The hardest trophy to win in professional sports just got a little harder.
Facing an unprecedented hiatus in March because of the coronavirus pandemic, the NHL revamped its traditional 16-team playoff format by adding eight teams and another round.
Usually there are four best-of-seven series, but now a team could play as many as 33 games before being awarded the Stanley Cup.
It all gets underway this weekend with five games Saturday and another five on Sunday. Games will be played in Toronto (Eastern Conference) and Edmonton (Western Conference).
Under the 24-team format, the top four teams in each conference will each play three games in a round robin to determine seeding while the remaining eight conference teams will play best-of-five series in a qualifying round to determine who advances. There is no bracket; teams will be reseeded after each round.
BURNING QUESTIONS: Will the two-hub-city format actually work?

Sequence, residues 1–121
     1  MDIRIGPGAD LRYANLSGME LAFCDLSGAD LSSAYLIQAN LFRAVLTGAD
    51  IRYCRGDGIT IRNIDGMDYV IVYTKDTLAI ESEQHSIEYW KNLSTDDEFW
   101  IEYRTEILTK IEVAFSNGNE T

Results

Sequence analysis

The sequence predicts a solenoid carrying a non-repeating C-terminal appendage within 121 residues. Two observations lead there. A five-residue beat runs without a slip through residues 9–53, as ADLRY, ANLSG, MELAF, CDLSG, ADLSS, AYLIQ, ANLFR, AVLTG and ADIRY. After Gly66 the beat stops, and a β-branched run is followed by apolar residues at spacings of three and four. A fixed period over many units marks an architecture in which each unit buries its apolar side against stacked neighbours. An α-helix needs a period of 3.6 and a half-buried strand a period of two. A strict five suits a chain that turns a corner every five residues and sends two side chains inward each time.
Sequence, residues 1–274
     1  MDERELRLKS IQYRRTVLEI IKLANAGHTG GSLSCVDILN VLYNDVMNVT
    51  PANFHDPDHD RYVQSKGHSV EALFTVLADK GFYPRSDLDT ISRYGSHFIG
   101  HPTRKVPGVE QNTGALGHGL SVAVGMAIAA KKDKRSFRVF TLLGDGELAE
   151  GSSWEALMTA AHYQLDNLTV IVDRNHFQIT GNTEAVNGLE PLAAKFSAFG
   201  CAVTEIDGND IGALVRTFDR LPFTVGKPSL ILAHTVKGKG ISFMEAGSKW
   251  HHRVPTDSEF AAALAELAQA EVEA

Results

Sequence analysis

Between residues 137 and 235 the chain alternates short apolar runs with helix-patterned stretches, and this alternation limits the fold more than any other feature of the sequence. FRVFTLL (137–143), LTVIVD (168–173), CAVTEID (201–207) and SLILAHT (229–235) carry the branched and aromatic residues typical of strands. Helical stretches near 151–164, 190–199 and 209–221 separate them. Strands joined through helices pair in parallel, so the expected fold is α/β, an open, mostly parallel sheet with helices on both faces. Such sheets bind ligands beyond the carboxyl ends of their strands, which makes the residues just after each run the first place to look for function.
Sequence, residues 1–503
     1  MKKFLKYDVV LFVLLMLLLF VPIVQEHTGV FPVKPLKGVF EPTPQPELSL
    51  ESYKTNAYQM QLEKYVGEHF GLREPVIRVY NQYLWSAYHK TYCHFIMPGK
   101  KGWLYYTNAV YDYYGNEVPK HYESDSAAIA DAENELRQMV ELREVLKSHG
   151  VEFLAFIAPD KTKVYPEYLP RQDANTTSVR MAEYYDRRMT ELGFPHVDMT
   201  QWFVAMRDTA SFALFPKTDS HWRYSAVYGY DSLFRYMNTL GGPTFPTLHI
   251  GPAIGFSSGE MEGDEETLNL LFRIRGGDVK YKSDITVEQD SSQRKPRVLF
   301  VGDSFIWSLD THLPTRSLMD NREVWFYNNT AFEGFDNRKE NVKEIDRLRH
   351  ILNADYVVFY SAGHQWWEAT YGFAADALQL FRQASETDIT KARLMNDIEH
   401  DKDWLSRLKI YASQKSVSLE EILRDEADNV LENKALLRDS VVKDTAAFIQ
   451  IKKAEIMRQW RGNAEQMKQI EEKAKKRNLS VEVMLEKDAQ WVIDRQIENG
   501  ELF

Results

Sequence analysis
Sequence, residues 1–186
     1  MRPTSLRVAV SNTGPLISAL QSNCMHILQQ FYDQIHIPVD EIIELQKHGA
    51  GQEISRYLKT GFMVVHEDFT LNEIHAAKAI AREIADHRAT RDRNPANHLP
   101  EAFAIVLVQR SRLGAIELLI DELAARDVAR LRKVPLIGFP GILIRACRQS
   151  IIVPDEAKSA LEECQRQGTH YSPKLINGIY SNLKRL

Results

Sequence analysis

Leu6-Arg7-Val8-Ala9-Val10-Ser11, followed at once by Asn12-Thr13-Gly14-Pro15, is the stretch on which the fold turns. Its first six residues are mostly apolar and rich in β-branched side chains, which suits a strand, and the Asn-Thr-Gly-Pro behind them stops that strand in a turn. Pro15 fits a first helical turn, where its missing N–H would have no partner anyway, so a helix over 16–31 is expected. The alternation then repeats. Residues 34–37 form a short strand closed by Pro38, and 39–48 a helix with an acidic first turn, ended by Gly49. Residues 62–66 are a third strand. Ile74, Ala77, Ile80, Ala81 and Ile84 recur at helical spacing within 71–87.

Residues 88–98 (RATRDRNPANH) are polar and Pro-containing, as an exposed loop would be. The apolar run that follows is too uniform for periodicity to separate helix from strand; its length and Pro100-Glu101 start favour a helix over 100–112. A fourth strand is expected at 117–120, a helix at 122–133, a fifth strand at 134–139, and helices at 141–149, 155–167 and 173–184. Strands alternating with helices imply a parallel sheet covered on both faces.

POWER RANKINGS: Sizing up the 24 teams left in the postseason field
But teams also catch a break because there will be no travel until the two remaining Eastern Conference teams fly to Edmonton for the conference final.
No fans are allowed in either building, meaning there is no home-ice advantage. Though players say it will be hard without fans providing energy, there is a side benefit: They won't have to shout and can hear each other better.
The weekend schedule (with time, TV; *-round robin)
Florida Panthers vs. New York Islanders, 4, NBCSN, NHL.TV
*-Philadelphia Flyers vs. Boston Bruins, 3, NBC
*-St. Louis Blues vs. Colorado Avalanche, 6:30 p.m., NBCSN, NHL.TV
FULL SCHEDULE: Dates, times for qualifying round, round-robin play
If all goes well, the tournament will run into early October, which would shatter the record for the latest a Stanley Cup has been awarded. The previous mark: June 24 in the 1995 (Game 4, Detroit at New Jersey) and 2013 (Game 6, Chicago at Boston) lockout seasons.
This article originally appeared on USA TODAY: NHL playoffs begin: Times, TV for Stanley Cup games